David Bach, the author of The Automatic Millionaire and The Automatic Millionaire Homeowner (the latter of which I reviewed earlier this year), also writes a column on Yahoo Finance. Recently he presented five tips for college graduates just beginning their path to financial security. (This ties in nicely with Friday’s thoughts about graduates aiming for the highest-paying first job possible.)
Here are the first two of Bach’s five tips for graduates:
Choose your life. The matter of choice was one that I first learned from one of my first post-college bosses. (For those following my post-college story, he was the one at the non-profit organization.) While he was an ass, he was also motivational and philosophical. He maintained that everything in a person’s life is a choice, and we must take responsibility for everything. Feelings are choices. Reactions to other individuals are choices. Waking up on time is a choice. Getting in an accident with another motor vehicle is a choice.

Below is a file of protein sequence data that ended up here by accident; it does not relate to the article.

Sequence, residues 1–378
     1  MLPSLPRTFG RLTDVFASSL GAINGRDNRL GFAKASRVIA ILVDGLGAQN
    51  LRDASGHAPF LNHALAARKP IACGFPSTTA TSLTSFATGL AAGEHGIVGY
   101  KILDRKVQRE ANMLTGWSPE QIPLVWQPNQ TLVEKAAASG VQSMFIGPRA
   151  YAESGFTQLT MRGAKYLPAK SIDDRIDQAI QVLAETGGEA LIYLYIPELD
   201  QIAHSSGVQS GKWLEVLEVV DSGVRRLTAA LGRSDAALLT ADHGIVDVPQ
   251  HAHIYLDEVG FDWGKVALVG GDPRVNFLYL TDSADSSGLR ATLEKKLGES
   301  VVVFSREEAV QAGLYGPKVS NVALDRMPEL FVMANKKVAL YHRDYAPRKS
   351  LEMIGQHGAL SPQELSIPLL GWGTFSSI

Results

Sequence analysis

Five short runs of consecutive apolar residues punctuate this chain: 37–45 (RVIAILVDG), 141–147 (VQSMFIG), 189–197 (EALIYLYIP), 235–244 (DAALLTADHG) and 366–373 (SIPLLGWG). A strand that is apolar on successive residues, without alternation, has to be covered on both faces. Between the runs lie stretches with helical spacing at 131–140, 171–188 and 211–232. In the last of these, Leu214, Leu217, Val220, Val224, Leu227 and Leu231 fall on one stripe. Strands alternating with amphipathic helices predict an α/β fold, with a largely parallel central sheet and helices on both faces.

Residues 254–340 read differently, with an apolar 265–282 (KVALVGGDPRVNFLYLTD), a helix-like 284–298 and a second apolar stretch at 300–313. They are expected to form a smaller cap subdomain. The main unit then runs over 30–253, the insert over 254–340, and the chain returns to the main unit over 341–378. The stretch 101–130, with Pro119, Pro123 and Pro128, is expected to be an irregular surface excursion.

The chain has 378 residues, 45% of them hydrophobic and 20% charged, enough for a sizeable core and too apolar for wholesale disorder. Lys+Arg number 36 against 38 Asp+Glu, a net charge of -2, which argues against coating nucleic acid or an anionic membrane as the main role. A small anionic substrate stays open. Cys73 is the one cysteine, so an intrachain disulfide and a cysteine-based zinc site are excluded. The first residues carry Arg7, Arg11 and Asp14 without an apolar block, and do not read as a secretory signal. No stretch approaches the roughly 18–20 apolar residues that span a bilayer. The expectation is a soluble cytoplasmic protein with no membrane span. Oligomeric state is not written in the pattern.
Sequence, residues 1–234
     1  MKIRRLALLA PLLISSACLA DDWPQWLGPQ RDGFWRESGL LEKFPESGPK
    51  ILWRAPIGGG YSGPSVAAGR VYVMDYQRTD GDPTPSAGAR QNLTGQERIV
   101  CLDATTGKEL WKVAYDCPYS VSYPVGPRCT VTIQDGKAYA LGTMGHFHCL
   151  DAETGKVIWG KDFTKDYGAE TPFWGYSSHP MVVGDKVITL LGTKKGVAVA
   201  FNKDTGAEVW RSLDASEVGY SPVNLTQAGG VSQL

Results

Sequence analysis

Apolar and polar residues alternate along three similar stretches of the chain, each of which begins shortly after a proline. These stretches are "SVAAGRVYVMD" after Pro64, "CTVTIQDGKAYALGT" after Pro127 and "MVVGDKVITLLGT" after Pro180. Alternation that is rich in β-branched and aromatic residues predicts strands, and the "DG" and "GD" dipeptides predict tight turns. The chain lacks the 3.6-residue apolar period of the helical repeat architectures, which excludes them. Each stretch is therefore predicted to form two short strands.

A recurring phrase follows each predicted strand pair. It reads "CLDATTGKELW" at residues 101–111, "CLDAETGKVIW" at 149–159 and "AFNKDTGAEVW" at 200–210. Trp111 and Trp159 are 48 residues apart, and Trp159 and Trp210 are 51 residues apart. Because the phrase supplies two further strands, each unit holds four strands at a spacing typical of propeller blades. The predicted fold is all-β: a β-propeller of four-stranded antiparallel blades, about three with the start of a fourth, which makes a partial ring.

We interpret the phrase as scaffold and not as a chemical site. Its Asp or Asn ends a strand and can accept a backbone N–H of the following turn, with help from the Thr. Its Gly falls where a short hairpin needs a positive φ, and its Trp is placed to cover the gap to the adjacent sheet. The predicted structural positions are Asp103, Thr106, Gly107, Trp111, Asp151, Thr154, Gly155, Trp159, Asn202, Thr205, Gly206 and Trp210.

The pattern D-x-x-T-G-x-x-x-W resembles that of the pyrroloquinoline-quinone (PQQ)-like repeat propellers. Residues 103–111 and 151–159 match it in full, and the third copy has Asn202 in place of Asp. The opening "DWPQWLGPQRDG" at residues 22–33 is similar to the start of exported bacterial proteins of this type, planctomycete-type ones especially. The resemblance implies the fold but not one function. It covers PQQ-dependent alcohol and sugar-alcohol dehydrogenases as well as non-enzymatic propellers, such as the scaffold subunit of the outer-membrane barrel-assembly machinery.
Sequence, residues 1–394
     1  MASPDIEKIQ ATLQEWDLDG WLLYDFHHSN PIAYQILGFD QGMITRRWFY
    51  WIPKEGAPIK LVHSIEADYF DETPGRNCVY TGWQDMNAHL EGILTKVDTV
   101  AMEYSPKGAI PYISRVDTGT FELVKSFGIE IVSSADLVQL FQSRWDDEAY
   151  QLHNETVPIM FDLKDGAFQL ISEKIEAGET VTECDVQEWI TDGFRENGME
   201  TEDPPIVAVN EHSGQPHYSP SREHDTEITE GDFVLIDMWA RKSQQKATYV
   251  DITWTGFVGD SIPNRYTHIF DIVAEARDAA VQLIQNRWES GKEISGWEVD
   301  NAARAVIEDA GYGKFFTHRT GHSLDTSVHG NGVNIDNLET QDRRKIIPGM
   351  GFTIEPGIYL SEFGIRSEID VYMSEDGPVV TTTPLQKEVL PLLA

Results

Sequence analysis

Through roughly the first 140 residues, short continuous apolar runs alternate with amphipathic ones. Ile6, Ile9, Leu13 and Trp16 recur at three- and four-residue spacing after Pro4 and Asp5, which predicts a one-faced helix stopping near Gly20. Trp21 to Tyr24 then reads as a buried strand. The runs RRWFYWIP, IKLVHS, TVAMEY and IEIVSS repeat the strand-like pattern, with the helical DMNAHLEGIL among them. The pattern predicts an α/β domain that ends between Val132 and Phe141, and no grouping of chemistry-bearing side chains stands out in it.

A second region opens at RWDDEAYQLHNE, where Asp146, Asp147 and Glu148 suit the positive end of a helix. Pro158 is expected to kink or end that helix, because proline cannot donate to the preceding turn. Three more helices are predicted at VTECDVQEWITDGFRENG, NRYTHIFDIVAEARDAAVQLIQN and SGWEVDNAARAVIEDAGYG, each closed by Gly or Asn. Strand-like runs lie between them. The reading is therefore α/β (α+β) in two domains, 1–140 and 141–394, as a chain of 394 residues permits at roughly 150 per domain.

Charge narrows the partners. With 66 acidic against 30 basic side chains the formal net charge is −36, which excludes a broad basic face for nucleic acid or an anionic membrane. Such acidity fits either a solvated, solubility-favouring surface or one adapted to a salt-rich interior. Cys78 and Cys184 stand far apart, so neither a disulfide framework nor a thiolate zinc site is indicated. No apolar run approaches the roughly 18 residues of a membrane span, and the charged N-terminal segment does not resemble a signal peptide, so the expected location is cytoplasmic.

While I don’t agree with his complete dismissal of the possibility of external events being out of an individual’s control, I did start thinking more about the choices I make. Bach is making a similar statement:
Choose your career (or more likely, careers). Choose where you live and with whom you surround yourself. Choose with whom you fall in love — and with whom you don’t. Choose how you take care of your health. Choose your spiritual life. Choose how and how much you give back to society by helping others.
Follow your plan. Here’s what Bach says:
I’ve got news for you: The “what am I going to do with my life” question that may loom so large for you now never really goes away. You’ll ask yourself the same thing at 30, 40, 50, 60, and so on. So get used to it — and don’t blindly follow the expectations of your parents, professors, or mentors. Their beliefs are based on their life experience, not yours. They don’t control your destiny, you do. Live your plan, and follow your spiritual purpose, not someone else’s.
Here are my thoughts: I completely agree. At 30, I do still wonder what I will do with my life. The good news is that I allow myself to keep my eyes and my mind open to new opportunities and new ideas. At one point in my life I was sure I wanted to be a music teacher. I still love teaching music, but I made this decision at a time when I probably didn’t have the maturity to really know what I would want to do when I would be living on my own and interacting with Board of Education, parents’ organizations, and the numerous obstacles that get in the way of providing a decent education in a public school system.
Updated May 31, 2006 and originally published May 30, 2006.